MEPs call on EU governments to step up efforts on youth unemployment

Young people protesting about unemployment

MEPs have criticised the efforts of EU member states for their failure to respond effectively to the ongoing problem of youth unemployment across the bloc.

Speaking in a debate on the issue in Strasbourg, parliamentarians were also particularly critical of the European commission’s youth guarantee scheme.

According to commission statistics, more than 5.5 million young people are currently unemployed in the EU, representing an unemployment rate of 23.4 per cent.

“How is the latest youth guarantee scheme different from all the programmes that went before it?” – Inês Zuber

Portuguese MEP Inês Zuber saying, “How long have we been here talking about this and hearing empty promises? All the while a whole generation of young people are left without any possibility of planning their lives properly.

“In Greece and Spain more than half of all young people are unemployed. In Portugal there has been an attempt to fiddle the statistics but any improvements in the figures are due to emigration,” she claimed.

“How is the latest youth guarantee scheme different from all the programmes that went before it? Jobs created are still very precarious jobs and they often replace jobs with rights,” she said, warning, “Precarious labour undermines the future of these young workers.”

GUE/NGL deputy Rina Ronja Kari told the debate, “We must be honest – the youth guarantee has been a fiasco.

“There is a serious risk that it will be misused to reduce working conditions and create cheap labour.”

“We have to acknowledge that old methods are wrong and dare to start something new” – Rina Ronja

In addition, she argued, “It doesn’t grapple with the real problem of austerity, which is creating unemployment. We demand that austerity policies stop.

“We also have to acknowledge that labour markets differ greatly between countries. We need public investments in health and education sectors.

“We have to acknowledge that old methods are wrong and dare to start something new,” she stressed.

S&D member Maria João Rodrigues also spoke, saying, “In spite of many efforts, the unemployment rate remains very high in Europe, particularly for youth unemployment.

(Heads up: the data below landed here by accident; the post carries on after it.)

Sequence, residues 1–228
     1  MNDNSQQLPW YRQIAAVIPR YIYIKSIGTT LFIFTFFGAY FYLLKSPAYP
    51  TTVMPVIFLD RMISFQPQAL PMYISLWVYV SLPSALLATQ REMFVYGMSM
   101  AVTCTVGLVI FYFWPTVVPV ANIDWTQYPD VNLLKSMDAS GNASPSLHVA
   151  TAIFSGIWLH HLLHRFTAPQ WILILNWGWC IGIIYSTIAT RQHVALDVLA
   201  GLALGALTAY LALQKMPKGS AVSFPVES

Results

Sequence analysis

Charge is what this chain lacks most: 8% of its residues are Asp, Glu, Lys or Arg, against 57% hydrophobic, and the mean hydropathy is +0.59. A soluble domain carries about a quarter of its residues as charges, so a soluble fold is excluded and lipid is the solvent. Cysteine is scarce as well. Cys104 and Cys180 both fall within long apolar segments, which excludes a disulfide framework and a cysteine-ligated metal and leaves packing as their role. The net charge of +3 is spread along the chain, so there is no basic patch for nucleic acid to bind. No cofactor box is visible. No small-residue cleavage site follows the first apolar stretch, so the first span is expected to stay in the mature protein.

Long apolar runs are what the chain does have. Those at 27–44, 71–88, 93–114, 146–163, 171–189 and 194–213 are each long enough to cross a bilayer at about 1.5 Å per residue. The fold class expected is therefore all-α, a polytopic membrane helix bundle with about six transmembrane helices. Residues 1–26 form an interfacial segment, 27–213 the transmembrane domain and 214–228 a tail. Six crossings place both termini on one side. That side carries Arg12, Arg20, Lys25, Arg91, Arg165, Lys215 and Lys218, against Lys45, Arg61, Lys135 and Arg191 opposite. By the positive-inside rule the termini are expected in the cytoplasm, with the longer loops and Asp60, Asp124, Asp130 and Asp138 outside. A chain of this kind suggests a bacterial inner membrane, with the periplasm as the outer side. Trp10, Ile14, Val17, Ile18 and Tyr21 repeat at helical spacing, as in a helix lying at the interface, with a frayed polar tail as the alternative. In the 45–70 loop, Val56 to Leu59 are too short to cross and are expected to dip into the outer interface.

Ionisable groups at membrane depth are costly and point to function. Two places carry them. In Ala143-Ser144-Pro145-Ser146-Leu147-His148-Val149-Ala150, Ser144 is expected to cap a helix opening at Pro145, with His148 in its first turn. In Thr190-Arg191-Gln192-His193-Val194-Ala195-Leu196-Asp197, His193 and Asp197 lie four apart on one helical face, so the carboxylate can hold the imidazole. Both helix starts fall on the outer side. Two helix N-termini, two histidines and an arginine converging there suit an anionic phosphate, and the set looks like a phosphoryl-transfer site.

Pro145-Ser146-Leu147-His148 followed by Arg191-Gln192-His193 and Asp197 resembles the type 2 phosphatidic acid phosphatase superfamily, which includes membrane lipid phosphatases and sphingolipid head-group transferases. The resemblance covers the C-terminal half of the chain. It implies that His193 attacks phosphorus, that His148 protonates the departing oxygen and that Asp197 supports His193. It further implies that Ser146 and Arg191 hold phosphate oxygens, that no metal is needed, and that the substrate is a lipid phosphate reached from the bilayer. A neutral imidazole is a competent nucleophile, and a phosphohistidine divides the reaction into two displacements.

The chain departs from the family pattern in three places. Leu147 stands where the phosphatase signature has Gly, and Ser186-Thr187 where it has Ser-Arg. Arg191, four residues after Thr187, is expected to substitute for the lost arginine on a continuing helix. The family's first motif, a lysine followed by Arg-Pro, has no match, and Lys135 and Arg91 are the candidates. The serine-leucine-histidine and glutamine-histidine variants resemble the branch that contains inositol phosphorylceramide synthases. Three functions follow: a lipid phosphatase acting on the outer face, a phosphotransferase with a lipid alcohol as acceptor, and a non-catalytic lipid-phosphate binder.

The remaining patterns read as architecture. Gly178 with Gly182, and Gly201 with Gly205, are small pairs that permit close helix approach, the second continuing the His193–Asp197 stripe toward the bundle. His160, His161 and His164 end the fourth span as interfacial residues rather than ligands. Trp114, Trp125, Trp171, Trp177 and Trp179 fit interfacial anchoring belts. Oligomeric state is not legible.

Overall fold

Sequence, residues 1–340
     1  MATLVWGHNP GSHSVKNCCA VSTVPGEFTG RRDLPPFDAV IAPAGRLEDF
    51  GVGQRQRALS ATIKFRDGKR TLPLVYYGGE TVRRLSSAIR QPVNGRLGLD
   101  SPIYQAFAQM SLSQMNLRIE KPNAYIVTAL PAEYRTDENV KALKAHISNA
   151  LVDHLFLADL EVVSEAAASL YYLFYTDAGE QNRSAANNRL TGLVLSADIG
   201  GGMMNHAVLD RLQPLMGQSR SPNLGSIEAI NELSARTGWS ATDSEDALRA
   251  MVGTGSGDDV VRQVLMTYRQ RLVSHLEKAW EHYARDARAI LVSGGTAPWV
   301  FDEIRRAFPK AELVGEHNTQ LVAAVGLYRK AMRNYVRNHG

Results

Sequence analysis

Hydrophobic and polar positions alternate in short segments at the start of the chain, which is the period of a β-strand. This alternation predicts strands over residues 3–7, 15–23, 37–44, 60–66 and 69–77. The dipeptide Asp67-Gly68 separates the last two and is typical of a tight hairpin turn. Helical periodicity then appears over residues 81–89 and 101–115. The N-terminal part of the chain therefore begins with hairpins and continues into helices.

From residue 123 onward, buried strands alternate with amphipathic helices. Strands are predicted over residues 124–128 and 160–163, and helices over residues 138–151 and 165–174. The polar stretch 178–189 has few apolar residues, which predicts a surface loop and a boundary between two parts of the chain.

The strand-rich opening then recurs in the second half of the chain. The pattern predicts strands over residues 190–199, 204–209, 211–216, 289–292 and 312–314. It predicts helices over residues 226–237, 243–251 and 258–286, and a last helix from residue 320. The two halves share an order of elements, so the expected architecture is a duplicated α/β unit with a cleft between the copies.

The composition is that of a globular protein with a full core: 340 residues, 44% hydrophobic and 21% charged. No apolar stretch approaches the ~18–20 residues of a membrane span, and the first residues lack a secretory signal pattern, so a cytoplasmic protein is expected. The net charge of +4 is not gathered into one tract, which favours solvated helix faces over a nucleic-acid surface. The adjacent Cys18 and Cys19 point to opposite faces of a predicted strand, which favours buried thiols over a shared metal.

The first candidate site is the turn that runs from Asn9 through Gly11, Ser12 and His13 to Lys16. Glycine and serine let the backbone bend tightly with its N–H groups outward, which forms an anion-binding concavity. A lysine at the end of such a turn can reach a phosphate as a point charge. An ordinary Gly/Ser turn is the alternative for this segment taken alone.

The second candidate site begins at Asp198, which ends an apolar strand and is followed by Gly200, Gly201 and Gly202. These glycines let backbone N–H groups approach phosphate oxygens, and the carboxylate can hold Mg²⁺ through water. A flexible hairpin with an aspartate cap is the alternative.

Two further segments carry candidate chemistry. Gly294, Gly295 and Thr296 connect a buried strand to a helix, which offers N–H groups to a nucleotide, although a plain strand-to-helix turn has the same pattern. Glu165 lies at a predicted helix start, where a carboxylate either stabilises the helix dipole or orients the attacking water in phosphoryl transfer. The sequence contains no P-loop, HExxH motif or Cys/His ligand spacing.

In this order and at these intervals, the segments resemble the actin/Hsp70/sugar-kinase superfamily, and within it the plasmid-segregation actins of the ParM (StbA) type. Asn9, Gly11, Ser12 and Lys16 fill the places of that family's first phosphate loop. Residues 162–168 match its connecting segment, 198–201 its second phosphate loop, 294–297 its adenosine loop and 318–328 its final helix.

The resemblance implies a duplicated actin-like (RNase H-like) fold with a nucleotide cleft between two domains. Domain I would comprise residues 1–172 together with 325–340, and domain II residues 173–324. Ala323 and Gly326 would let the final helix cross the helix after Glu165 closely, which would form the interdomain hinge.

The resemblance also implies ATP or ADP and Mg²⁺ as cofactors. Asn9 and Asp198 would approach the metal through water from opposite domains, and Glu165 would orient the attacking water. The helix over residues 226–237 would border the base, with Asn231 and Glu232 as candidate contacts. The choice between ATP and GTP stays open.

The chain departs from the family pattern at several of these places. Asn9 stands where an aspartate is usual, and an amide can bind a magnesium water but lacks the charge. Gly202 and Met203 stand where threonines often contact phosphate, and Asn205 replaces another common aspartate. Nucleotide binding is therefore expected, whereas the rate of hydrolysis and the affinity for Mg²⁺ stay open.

“Something is deeply wrong” – Maria João Rodrigues

“Something is deeply wrong. We have too many economic and social divergences between member states,” said the Portuguese MEP, adding, “These divergences are undermining our European ambition, our European project and our European cohesion.

“There is no future in Europe if there is no future for young people in Europe.  We must tackle this problem more ambitiously,” she urged.

Her S&D colleague Jutta Steinruck also spoke up, saying, “For many years now the Socialists and Democrats have been calling for stronger, more targeted action to make a real difference, including investment to boost growth, create jobs and make the youth guarantee work for young people.

“We need to be at least as ambitious as we were in rescuing the banks or fighting for freedom of economic activity” – Jutta Steinruck

She complained, “Too little has been done so far. The €6bn for the youth guarantee is not enough. The member states must be given support to put it into practice. We need to make sure that further money is available after 2016.”

The German MEP continued, “We also want to see standards for implementing the youth guarantee and compulsory targets for fighting youth unemployment within the framework of the European semester.

“We need to be at least as ambitious as we were in rescuing the banks or fighting for freedom of economic activity,” she argued.

“We must make sure that important tools like the youth guarantee are adequately funded and more importantly that available funds are used wisely” – David Casa

David Casa, a member of parliament’s EPP group, agreed that more action is required, saying, “With the latest figures showing that youth unemployment in the EU has reached 22.5 per cent, with some countries hitting 50 per cent, there is also a need for more direct EU funding.

“We must make sure that important tools like the youth guarantee are adequately funded and more importantly that available funds are used wisely and we must also step up our efforts to cut red-tape,” he concluded.

 

Written for theparliamentmagazine.eu

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